Our forebears paid more taxes in tough times — so should we


POSTED: Sunday, April 05, 2009

The global economic crisis is having a severe impact on government revenues at all levels. Hawaii is no exception, except that the impact on government revenues here might be deeper and longer lasting than in most instances because our major industry is tourism, and more so because our reputation is in luxury tourism. Tourism, especially luxury tourism, is one of the first items to be cut from family budgets and even from the budgets of businesses and government, and is among the last cuts to be restored. Travel to places like Hawaii by government officials gets labeled as junkets, for example.

Spending patterns are changing from consumer spending to savings. Americans are driving less, eating out less, going to the movies less. Frugality is in, free spending is out.

Realistically, Hawaii should be prepared for long-term loss of government revenue if current rates of taxation remain in place. Critical education, social and health services are being hammered. Our most vulnerable people are suffering Our quality of life is suffering.

But if we are willing, as a nation and state, to return temporarily to tax rates that our parents and grandparents endured in the 1960s and 1970s, we will be OK.

The top federal income taxes then were in the 60 percent range, not the 35 percent of today. The top state income tax rate during that time was 11 percent, not the 8.5 percent of today. We would not have to come near the top rates that America's “;greatest generation”; paid in the 1930s through 1950s, which were draconian at 90 percent or more. This latter was to pay for the Depression-era programs, World War II and the early years of the Cold War. Our sacrifices today to take care of our people are small compared to what that generation and those that followed made. As a people, we have forgotten the huge financial sacrifices made by our parents, grandparents and great-grandparents.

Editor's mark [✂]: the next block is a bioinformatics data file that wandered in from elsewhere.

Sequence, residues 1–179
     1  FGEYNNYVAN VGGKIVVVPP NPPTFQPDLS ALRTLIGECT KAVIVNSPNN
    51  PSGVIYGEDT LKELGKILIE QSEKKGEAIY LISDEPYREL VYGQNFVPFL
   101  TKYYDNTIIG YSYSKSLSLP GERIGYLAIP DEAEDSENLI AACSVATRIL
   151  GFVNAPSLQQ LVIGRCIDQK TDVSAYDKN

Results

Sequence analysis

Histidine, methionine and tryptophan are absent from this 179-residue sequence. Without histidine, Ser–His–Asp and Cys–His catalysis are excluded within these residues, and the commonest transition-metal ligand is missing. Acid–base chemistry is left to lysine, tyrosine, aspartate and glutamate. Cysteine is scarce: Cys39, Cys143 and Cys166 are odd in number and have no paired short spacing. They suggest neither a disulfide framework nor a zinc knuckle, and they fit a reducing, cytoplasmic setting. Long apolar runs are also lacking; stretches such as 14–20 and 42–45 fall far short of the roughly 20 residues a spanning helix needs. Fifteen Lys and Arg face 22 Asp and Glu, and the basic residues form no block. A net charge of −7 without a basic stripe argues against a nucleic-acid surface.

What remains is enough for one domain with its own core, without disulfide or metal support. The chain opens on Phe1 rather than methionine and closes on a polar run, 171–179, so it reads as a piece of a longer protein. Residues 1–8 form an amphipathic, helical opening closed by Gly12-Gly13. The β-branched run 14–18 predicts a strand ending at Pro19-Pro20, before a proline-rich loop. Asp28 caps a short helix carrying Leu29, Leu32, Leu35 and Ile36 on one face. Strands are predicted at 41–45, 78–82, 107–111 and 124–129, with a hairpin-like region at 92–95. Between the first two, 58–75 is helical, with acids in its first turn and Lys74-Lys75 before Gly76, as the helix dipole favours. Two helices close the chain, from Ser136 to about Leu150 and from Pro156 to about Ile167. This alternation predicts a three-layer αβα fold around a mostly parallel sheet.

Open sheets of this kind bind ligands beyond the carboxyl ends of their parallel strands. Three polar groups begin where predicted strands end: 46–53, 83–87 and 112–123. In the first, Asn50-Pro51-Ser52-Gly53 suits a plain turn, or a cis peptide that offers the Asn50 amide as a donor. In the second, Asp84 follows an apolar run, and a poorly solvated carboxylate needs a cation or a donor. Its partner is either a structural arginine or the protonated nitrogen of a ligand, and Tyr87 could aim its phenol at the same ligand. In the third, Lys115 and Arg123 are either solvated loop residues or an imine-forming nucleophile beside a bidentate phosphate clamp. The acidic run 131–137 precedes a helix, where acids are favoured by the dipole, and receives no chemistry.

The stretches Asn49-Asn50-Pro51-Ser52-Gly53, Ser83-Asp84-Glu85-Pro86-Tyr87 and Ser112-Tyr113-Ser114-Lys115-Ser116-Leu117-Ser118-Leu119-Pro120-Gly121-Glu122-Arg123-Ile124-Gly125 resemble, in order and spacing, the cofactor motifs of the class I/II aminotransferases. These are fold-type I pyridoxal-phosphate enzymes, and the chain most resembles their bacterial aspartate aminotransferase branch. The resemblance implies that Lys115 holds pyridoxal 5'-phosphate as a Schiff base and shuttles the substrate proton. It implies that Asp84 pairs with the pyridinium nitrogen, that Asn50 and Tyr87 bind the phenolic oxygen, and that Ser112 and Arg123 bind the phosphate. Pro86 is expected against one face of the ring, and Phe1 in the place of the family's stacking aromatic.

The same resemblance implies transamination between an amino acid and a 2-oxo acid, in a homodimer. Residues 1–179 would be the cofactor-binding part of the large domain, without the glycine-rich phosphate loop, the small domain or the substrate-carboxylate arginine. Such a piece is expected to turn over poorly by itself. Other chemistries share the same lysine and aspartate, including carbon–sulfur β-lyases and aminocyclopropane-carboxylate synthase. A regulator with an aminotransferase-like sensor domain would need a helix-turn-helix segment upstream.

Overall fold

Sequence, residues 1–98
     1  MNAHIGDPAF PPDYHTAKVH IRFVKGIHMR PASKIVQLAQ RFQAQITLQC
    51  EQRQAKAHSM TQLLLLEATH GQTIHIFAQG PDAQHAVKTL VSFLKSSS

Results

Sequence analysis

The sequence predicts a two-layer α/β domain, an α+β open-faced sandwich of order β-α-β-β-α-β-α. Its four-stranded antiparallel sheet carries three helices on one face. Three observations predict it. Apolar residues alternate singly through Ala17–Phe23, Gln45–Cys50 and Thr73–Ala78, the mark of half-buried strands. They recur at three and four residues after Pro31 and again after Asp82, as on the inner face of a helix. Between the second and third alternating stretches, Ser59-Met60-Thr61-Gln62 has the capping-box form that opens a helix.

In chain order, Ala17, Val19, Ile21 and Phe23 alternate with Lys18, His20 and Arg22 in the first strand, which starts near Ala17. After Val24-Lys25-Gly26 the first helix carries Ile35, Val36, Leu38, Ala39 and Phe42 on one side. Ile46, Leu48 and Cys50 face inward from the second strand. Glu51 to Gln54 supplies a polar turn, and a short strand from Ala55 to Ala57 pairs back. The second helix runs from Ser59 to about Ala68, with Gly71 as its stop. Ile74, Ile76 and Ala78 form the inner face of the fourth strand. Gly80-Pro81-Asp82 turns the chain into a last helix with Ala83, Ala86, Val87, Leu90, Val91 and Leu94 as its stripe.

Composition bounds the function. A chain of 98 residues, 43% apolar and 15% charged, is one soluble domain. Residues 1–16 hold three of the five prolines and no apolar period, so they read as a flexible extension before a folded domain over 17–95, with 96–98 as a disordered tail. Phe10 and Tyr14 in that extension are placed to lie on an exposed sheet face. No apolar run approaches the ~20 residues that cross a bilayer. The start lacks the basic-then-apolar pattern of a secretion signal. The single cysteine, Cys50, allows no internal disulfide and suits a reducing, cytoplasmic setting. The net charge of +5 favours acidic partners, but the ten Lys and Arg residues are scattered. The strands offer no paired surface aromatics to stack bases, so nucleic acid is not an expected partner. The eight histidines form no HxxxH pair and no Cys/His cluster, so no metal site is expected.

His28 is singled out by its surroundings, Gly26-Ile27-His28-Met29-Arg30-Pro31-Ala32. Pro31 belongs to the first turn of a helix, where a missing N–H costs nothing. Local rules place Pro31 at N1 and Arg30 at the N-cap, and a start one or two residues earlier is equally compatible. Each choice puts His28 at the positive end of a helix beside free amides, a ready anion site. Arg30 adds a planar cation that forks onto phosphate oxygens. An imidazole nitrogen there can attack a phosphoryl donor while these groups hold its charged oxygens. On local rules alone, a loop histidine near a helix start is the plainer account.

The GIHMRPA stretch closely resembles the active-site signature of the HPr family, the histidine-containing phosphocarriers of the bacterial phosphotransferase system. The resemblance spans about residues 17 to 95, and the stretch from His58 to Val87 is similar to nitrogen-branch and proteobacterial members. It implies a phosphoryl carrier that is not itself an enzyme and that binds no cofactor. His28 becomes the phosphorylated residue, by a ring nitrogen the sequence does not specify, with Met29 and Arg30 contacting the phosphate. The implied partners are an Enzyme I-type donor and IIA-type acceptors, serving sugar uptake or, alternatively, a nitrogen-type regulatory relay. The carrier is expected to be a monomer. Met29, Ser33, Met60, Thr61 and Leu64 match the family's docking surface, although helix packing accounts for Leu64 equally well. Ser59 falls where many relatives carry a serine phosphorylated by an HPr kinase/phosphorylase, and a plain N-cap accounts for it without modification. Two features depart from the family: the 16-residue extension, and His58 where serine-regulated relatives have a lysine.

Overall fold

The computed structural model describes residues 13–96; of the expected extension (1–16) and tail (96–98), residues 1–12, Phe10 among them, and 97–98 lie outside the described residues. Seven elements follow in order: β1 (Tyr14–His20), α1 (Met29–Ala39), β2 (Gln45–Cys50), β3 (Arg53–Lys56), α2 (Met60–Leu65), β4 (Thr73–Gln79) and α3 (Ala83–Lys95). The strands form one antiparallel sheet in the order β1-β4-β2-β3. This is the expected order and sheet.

The sacrifices we are called upon to make for our children, grandchildren and great-grandchildren are small in comparison. Raising the top income tax rates into the low 40s (they were at 39 percent under President Bill Clinton) and to 10 percent for Hawaii, as they were under Gov. John Waihee and Gov. Ben Cayetano, could bring us through this rough period.

An alternative for Hawaii would be to raise the general excise tax by a certain amount, combined with the tax credits for food, shelter and health care. Each percent of the GET raises nearly $400 million.

While it is conventional wisdom to say that taxes shouldn't be raised in bad economic times, upon closer examination, they are about the only times to raise them. When times are good, there is no need for them to be raised. Good times are times to save for the rainy day fund.


Rev. Bob Nakata is pastor of Kahaluu United Methodist Church and a former state senator.